Sim Theme Park, the sequel to Electronic Arts and Bullfrog's Theme Park - the game that let you run an amusement park empire - is coming to the PlayStation this fall. As in the original, your job is to design and manage all aspects of your amusement park and ultimately keep the kids coming back for more.
So how do you make a bunch of kids happy? The answer is simple: Build a theme park that's fun. What isn't so simple is how your park is constructed, maintained, promoted, and designed. And that's the focus of Sim Theme Park (formerly known as Theme Park World).
Sim Theme Park deviates from the standard RTS-style control of any standard strategy game. One of the problems the developers addressed early on was the mouse-style control. On the PC, the mouse is the logical control choice, but on the PlayStation, ports of mouse-controlled games end up jerky and somewhat difficult to control. So EA simply did away with the cursor itself and constructed a completely new engine from scratch. Without a cursor, the D-Pad simply moves about the environment from a bird's-eye perspective and can be rotated using the shoulder buttons. This style of control makes it extremely easy to use, and it flows very nicely. For selection purposes, you can simply move an object to the center of the screen where it will automatically highlight.
Another excellent example of deviation from the standard PC port is the menus - or lack thereof. On the PC, you can simply manage everything in its own window, and you don't have to bother with tons of windows in the foreground. The developers decided to keep things separate on the PlayStation. So, to manage your empire, you'll access your laptop. Once inside the laptop, you can manage everything from a tree of menus. Like Ape Escape, Sim Theme Park has four standard buttons that let you access different parts of the game, and a small HUD in the corner that explains your options.
Sim Theme Park takes place on a group of islands, each with its own theme. The different themes have theme-inspired rides, shops, and atmosphere. The point of the game is to build a well-designed theme park. This doesn't always mean building a certain amount of rides or striving for a prestated goal. Instead, the game rewards players for designing wisely. The levels contain a certain amount of gold tickets, which can be redeemed to unlock other islands. The gold tickets are rewarded for smart designing skills. For example, you'll get a gold ticket for putting the restrooms in an appropriate area, perhaps surrounded by trees and such. But the gameplay requires more than just collecting a bunch of gold tickets. The level doesn't end once you've gotten all the gold tickets available to you - it ends only when you want it to. If you're happy with your park and wish to develop further, you can.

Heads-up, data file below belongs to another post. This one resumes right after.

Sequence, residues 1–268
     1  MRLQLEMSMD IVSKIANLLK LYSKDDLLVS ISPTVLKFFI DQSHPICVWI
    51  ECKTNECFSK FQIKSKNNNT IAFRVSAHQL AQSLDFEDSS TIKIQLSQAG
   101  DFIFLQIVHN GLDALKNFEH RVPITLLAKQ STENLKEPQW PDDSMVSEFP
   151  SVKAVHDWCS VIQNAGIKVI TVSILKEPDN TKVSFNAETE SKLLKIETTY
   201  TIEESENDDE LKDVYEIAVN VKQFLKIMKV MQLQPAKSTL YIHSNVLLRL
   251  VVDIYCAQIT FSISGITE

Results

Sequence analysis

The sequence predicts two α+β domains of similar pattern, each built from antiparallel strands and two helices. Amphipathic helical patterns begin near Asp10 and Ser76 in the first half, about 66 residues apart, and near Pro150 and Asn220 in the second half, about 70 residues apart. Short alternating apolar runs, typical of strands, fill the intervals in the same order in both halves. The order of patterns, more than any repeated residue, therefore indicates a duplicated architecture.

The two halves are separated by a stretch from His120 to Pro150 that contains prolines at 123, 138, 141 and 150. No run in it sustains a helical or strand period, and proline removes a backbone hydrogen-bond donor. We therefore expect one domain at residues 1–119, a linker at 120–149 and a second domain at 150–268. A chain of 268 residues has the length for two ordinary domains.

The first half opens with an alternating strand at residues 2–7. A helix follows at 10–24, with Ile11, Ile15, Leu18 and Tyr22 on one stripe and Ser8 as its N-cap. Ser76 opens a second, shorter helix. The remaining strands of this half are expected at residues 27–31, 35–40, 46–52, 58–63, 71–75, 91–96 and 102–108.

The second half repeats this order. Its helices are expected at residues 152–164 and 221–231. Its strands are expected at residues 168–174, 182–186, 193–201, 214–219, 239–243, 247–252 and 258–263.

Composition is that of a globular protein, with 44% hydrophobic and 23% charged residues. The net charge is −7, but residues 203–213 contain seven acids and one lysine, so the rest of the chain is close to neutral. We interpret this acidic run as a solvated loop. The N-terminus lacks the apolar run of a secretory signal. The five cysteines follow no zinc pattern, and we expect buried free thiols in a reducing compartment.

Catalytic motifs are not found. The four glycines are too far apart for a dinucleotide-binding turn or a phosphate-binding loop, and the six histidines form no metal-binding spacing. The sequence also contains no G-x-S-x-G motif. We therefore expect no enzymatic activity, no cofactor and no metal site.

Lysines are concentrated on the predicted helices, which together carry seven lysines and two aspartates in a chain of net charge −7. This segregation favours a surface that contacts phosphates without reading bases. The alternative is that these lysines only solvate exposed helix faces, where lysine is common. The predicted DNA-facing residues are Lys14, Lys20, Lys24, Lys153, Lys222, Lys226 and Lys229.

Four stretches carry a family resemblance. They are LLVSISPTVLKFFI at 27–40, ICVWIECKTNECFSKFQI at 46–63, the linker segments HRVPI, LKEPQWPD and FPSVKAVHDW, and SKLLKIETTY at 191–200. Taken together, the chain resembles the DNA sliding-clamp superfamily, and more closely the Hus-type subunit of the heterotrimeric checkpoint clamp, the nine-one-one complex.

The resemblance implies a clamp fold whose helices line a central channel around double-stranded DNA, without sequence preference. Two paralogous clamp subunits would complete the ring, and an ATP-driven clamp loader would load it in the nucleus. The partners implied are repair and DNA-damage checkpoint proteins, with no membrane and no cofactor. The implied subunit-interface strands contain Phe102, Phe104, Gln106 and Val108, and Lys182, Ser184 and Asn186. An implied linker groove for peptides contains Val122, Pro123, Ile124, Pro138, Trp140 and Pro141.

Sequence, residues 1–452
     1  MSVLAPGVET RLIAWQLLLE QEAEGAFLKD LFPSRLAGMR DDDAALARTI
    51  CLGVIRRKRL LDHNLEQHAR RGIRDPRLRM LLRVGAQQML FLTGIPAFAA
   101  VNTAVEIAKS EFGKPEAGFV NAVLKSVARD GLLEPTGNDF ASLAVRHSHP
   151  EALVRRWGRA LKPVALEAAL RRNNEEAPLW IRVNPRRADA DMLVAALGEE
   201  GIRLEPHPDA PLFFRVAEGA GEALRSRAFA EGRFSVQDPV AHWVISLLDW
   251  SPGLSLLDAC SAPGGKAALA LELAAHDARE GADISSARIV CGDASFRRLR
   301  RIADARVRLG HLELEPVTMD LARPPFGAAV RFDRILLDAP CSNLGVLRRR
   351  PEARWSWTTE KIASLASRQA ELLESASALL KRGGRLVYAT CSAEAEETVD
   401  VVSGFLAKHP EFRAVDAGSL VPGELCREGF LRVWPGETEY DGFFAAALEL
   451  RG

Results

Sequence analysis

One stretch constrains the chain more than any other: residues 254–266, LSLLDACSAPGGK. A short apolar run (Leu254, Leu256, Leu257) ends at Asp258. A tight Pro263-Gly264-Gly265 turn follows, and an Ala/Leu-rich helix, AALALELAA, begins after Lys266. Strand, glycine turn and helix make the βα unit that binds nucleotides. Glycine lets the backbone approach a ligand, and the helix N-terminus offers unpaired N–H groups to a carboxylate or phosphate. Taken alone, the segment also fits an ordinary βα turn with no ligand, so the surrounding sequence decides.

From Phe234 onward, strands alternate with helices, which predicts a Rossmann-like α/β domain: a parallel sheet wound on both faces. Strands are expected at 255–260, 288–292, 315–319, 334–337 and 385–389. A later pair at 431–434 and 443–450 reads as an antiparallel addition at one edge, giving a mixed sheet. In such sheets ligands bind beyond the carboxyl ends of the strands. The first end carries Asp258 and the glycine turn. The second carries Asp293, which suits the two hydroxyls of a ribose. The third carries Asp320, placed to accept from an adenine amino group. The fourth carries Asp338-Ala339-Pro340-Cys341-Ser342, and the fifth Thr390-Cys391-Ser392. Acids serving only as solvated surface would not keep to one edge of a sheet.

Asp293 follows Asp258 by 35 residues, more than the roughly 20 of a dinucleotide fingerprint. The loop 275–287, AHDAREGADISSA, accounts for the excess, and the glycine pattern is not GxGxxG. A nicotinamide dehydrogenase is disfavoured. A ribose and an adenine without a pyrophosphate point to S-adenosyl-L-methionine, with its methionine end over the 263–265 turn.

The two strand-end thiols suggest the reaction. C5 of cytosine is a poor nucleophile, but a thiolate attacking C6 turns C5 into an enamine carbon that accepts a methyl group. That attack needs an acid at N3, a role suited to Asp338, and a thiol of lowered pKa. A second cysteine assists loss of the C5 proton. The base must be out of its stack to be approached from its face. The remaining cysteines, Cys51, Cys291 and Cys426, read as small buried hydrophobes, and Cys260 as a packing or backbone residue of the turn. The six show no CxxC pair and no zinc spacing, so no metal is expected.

This isn't simply one of those predesigned drop-and-forget strategy games. Everything is customizable, from ride length to speed to capacity. Rides can be upgraded for better stats, and rides that run on a track - such as roller coasters or waterslides - are yours to design. Want to give your riders a fifty-foot drop followed by a loop? Do it. But be careful - because of the game's actual physics engine, your trains will stick or collide if your track design isn't physically sound.
But every theme park needs more than just rides. You'll be able to build shops, construct restaurants, hire entertainers, and more. And those are just as customizable. Want to sell cheap helium balloons for thirty bucks a pop? You can. But don't expect the kids to be happy with that. In fact, you may just have to hire extra security to prevent disgruntled kids from covering your park with graffiti.
Once you're happy with your theme park design, you'll be able to switch to a first-person mode and take a stroll around your park. Make sure you bring your camcorder, as you'll also be able to ride your roller coasters. One of the coolest features is this mode is an option to take screenshots of your happenings and save them to your memory card.
Sim Theme Park looks to be years ahead of its predecessor, and it's shaping up to be a very nice-looking game. So if you're itching to design some coasters, ride some thrillers, or build an amusement park empire, keep your eyes peeled on this game.